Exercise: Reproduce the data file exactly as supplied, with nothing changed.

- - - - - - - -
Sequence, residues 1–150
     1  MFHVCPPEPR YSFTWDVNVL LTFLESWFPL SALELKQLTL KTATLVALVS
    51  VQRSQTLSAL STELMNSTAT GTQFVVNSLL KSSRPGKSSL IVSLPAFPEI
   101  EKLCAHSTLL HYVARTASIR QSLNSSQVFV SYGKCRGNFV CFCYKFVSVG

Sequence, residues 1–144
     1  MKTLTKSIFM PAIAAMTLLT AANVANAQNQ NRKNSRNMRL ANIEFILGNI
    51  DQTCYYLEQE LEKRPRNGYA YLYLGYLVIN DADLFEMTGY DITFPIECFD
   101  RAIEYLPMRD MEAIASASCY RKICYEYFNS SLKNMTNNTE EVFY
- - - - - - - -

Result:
Sequence, residues 1–150
     1  MFHVCPPEPR YSFTWDVNVL LTFLESWFPL SALELKQLTL KTATLVALVS
    51  VQRSQTLSAL STELMNSTAT GTQFVVNSLL KSSRPGKSSL IVSLPAFPEI
   101  EKLCAHSTLL HYVARTASIR QSLNSSQVFV SYGKCRGNFV CFCYKFVSVG

Sequence, residues 1–144
     1  MKTLTKSIFM PAIAAMTLLT AANVANAQNQ NRKNSRNMRL ANIEFILGNI
    51  DQTCYYLEQE LEKRPRNGYA YLYLGYLVIN DADLFEMTGY DITFPIECFD
   101  RAIEYLPMRD MEAIASASCY RKICYEYFNS SLKNMTNNTE EVFY